Liz Gribin is, it seems to me, a painter with her own distinct style. Although her art, she has said, “comes from other art,” there’s nothing derivative about it. Nevertheless we sense her admiration for the work of artists as diverse as Matisse and Diebenkorn in her canvases – there’s even a slight air of Modigliani about her figures, seen in a space that moves from shallow to deep across the picture plane.

The figures are emotionally loaded. It’s not, however, facial expressions that carry the emotion but their postures and placement in space.

Often the background in these pictures seems to merge with the figures, and there is, in the composition, a cubist feel in the way pictorial elements interrelate.

Ms. Gribin’s drawing lends the pictures a classically modernist feel. She draws directly on the canvas, but she can also draw with paint. Because acrylic dries quickly, she is able to add color in layers, and this gives all of her works, no matter how carefully structured, an improvisational feel; they are infused with genuine liveliness. The combination of acrylic and charcoal also gives the pictures extra texture. Colors, too, are remarkably handled.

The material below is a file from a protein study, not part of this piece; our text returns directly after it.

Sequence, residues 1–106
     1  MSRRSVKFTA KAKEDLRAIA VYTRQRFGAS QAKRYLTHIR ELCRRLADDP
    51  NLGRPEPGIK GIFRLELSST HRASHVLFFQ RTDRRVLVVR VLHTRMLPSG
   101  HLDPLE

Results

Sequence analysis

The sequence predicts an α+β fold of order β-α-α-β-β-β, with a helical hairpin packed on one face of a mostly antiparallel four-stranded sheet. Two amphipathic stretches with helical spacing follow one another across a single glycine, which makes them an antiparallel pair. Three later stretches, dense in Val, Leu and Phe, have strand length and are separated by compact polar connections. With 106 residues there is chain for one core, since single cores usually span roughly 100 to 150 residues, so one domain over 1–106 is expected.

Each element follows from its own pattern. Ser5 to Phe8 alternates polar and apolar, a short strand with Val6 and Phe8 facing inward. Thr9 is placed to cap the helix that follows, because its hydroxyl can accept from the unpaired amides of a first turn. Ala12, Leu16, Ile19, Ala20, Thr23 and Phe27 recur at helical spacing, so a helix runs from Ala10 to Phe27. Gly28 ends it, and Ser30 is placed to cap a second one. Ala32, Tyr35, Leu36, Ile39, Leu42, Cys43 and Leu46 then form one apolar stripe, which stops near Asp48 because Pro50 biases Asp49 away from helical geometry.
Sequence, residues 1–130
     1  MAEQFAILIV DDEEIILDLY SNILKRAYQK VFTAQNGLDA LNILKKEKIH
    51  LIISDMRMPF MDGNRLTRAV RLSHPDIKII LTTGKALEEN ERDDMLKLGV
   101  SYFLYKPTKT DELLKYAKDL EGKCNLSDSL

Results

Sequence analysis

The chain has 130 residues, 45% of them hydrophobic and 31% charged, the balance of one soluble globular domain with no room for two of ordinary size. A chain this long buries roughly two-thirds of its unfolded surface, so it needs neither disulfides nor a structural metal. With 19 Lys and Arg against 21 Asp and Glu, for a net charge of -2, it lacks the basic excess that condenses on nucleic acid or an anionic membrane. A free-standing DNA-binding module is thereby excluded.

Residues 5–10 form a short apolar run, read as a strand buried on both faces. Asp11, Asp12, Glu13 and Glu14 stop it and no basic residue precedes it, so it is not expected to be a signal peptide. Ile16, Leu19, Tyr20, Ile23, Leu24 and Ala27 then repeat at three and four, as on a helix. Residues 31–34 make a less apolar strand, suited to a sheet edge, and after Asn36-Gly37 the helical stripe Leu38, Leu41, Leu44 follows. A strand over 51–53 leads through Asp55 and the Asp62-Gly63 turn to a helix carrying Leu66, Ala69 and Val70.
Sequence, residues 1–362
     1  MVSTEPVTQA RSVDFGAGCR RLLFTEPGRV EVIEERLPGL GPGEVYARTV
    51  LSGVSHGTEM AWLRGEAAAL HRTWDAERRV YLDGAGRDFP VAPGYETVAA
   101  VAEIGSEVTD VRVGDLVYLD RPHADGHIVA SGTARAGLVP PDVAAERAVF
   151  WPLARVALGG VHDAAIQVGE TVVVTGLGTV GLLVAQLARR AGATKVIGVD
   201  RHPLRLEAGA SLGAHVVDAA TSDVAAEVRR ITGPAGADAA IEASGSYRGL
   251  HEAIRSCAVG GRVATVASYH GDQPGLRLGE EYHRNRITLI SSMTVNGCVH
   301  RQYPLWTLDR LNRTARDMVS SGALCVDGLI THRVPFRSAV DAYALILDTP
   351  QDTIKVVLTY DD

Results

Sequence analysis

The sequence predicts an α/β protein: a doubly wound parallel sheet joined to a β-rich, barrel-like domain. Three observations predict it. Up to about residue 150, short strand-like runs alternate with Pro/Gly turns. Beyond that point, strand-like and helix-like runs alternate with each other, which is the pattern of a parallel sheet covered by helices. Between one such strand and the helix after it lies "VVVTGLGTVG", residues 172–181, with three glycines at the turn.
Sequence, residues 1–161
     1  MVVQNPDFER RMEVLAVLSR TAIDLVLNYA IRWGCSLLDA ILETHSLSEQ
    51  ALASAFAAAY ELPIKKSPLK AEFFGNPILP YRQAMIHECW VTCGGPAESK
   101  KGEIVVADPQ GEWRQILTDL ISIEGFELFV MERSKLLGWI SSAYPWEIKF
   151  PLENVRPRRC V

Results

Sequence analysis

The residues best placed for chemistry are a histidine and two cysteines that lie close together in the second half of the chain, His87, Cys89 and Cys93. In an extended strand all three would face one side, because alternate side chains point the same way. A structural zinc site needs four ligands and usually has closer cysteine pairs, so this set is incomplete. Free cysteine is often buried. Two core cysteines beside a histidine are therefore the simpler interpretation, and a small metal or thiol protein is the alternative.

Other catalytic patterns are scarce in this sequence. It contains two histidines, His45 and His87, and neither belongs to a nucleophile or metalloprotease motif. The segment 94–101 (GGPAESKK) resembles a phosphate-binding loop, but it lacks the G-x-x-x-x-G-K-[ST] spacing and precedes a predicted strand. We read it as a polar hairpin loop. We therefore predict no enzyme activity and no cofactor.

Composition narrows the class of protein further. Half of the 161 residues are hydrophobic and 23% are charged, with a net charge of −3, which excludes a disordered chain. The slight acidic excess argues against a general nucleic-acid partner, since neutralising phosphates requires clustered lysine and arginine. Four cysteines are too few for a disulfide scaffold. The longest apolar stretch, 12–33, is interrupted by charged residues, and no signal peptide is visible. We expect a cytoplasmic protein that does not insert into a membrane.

Just this side of bright, they are varied and balanced, crossing the spectrum. It’s in her use of color that Ms. Gribin reminds me of painters as different as Bonnard and Braques.

By internalizing so many modernist influences, and by finding her own particular way of locating a figure in interior space, and letting the picture take shape, each time, as an experiment in form, Liz Gribin has found her own distinct niche in contemporary art.

Robert LongEast Hampton Star

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Abstraction can push a familiar scene to the limit of recognizability.

Helen HarrisonNew York Times

Larry Rivers and Liz Gribin, currently exhibiting in Southampton, each exemplify a reverence for a linear approach to the surface of the work that is too often underappreciated ...

Southampton PressArticle by Eric ErnstAugust 2002

[Liz] now aims to convey emotion rather than realism. Her abstract figures often have featureless faces, and she avoids rendering too many details, preferring to let poses and gestures lend her work its emotive quality, which she doesn’t attempt to define.

BostoniaArticle by Midge RaymondSpring 2003
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